impaired state. Hostile enabling occurs when family members express pent-up anger and

resentment toward the individual in the mistaken belief that fostering guilt and shame will lead

to recovery or a desire to seek help; SUDs often intensify, however, causing further damage to relationships.

Other factors mediating the impact of SUDs on families include the substances used,

methods of administration, severity and duration of the SUD, and behaviors of the affected

individual, and whether a co-occurring mental health or medical disorder is present. Coping

skills of individual members and access to supportive people or organizations (e.g., church,

mutual-support programs) also matter, as do socioeconomic class, rural versus urban

communities, and family attitudes toward addiction. Family rituals such as holidays, birthdays,

weddings, and graduations either do not occur or are unhappy occasions.

With homeostasis, feedback, and boundaries altered by the SUD, the overall structure of the

family system weakens. As expressed and internalized conflicts increase, family stability and

cohesion decrease. Relationships become strained, and family members often disagree on

how best to help their loved one. Sometimes, families disagree among themselves or with

clinicians as to whether the individual even has an SUD.

Effects on Individual Family Members

Although individual family members suffer and cope with addiction in unique ways, several

key underlying themes may be noted. Physical, sexual, or emotional abuse is common,

particularly when individuals are intoxicated. The individual with an SUD may have no memory

of the event or may deny that the abuse occurred, which can confuse or damage the victim.

Neglect is also common, as is elder abuse; often, both remain undetected. Physical

separation may occur through divorce or separation due to marital strife, incarceration, and

repeated admissions to hospitals or rehabilitation centers. With their time and energy

dominated by the pursuit of substances, many individuals with SUDs are absent from their

children’s lives and may leave them alone or in the care of unsuitable adults. Loss is another

common theme among families affected by an SUD. Parents of adolescents with SUDs cope

with the loss of their hopes and expectations for their child. Children lose parental figures,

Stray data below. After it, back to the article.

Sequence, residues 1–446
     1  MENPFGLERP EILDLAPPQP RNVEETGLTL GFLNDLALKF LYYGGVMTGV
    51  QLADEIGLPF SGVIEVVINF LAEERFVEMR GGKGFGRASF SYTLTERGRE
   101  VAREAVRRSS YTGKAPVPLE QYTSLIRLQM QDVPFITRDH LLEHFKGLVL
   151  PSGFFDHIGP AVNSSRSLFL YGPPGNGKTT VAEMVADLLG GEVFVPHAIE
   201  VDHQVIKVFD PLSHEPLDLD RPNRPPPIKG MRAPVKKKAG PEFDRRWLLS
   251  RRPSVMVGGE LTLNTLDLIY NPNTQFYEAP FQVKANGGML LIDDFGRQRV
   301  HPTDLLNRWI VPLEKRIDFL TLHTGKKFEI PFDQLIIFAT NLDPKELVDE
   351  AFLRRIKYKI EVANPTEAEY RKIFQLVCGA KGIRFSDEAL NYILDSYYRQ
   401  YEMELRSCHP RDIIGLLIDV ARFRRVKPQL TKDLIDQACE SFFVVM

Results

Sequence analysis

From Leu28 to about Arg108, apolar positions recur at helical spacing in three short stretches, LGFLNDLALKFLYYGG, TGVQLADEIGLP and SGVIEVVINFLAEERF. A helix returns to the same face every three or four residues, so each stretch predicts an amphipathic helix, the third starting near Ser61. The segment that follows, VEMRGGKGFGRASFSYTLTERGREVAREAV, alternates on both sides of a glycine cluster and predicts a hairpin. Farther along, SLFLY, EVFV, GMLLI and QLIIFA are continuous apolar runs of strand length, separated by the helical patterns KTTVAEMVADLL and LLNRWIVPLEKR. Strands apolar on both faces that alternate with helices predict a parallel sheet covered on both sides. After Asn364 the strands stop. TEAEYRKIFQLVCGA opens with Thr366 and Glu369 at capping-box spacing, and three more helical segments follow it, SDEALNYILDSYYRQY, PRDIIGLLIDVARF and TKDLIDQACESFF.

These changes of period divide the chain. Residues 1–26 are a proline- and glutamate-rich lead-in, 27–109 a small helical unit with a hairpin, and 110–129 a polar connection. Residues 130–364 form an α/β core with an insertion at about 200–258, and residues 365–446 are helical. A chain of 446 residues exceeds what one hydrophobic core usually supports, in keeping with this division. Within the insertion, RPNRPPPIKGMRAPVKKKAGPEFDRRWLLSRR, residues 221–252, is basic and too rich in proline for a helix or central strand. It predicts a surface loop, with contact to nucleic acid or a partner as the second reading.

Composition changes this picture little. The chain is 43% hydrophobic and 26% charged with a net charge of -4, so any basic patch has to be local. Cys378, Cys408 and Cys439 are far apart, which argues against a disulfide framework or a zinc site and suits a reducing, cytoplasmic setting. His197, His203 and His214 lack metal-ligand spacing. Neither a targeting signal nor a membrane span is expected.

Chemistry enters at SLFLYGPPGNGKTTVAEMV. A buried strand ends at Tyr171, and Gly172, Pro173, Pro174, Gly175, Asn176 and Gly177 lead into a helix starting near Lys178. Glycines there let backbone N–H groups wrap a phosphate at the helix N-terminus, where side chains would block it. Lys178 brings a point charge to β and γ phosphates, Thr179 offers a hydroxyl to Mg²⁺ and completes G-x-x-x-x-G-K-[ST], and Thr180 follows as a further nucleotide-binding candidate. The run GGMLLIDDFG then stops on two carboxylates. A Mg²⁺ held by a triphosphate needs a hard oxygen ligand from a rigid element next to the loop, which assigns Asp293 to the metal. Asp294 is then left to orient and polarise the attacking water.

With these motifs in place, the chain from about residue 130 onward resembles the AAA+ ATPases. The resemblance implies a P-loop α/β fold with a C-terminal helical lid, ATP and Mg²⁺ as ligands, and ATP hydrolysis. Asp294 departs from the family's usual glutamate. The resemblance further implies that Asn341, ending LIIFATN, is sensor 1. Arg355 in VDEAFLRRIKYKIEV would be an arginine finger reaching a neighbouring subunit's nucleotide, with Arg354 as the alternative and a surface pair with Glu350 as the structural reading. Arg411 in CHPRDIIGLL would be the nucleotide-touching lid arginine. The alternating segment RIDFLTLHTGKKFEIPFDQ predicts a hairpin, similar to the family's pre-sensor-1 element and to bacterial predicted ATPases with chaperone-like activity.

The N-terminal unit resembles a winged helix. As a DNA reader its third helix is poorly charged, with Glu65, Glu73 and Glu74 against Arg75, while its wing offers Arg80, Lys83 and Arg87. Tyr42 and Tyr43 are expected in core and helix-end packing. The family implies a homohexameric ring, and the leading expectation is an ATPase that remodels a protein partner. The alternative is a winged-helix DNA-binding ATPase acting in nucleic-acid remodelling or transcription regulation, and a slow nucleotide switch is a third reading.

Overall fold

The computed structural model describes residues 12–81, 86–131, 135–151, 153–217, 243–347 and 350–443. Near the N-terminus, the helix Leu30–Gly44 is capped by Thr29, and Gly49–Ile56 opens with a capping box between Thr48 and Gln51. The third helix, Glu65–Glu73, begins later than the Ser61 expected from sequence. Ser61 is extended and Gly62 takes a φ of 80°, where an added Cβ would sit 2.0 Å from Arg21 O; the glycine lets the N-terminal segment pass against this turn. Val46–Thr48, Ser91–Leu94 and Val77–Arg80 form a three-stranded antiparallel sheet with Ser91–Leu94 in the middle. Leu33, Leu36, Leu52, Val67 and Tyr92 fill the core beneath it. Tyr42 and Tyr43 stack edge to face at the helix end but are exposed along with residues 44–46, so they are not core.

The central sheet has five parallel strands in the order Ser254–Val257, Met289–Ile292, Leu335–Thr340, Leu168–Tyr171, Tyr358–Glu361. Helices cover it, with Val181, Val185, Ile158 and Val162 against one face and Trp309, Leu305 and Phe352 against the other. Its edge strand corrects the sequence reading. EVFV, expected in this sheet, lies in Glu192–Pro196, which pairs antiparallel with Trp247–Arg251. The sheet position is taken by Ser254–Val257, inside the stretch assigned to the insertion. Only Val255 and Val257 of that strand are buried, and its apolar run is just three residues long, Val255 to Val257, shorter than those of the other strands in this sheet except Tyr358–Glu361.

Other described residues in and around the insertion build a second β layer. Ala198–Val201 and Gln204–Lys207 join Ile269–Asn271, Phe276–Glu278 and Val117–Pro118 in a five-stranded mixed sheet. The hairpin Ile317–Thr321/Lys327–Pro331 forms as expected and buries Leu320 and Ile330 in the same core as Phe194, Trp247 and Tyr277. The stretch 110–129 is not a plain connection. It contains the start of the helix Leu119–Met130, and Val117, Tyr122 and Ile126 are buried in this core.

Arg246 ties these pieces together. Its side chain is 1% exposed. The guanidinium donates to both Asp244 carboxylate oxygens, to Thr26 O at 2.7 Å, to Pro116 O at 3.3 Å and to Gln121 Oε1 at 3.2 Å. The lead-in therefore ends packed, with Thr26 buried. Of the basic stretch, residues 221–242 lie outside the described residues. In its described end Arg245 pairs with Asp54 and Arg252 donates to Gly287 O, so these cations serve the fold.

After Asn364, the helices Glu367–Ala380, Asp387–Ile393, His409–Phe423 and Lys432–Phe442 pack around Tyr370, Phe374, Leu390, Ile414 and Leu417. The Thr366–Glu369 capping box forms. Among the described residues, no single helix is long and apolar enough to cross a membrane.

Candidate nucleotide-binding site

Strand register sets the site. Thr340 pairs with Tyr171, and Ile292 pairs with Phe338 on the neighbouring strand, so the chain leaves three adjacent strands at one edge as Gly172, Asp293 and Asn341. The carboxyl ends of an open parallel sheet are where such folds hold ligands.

and spouses lose intimacy and support. Some families confront death through overdose,

accidents, medical complications, or suicide. They often feel anger, depression, worry, or guilt.

Communication breakdown is another consequence of SUDs as families operate under

secrecy, confusion, embarrassment, and chaos. Anger, frustration, and a profound sense of

helplessness contribute to conflict and division between spouses, among siblings, and in the

parent-child relationship.

Effects on the Unborn Child

Nicotine contributes to premature birth and low birth weight and is associated with motor,

sensory, and cognitive deficits in toddlers. The association between smoking and sudden

infant death syndrome is well documented. In the United States, exposure to alcohol during

pregnancy is the most common cause of birth defects. Fetal alcohol syndrome is a constellation of symptoms including facial deformities, slow development, intellectual

disabilities, and neurological problems. Other problems include learning disabilities and low

frustration tolerance. Babies born to mothers who abuse cocaine and heroin are often

premature, small for gestational age, and underweight. Intrauterine death is also common.

Opiate use during pregnancy is associated with neonatal abstinence syndrome, which

consists of neurological hyperactivity, disturbed sleep, and poor feeding, requiring close

monitoring and treatment in hospital. Ultimately, the full impact of SUDs on the developing

fetus is difficult to gauge given the high rate of poor maternal nutrition, poor prenatal care,

and intimate partner violence in this population.

Effects on Children

Neglect is common, as are other forms of child abuse. Academic performance often declines.

These children are at increased risk for SUDs, internalizing (mood and anxiety) and

externalizing (anger or acting out) behaviors, or disorders. Older children are often forced to

supervise younger siblings, while siblings of adolescents with SUDs are often neglected.

Some of these children may be driven to overachieve, whereas others develop mood and

behavioral disturbances. Siblings may introduce one another to substances. When a parental

figure has an SUD, responses to his or her infant are often erratic and inappropriate (i.e.,

yelling when the child is crying), leading the infant to develop insecure or disorganized

attachment. These responses shape childhood behavior and influence adult relationships as


Effects on Spouses

SUDs lead to significant strain and tension in marriages and romantic relationships. Spouses

often become neglected and may believe that they are helpless to intervene. Feelings of

anger and resentment often emerge. Financial pressures add further tensions. A spouse may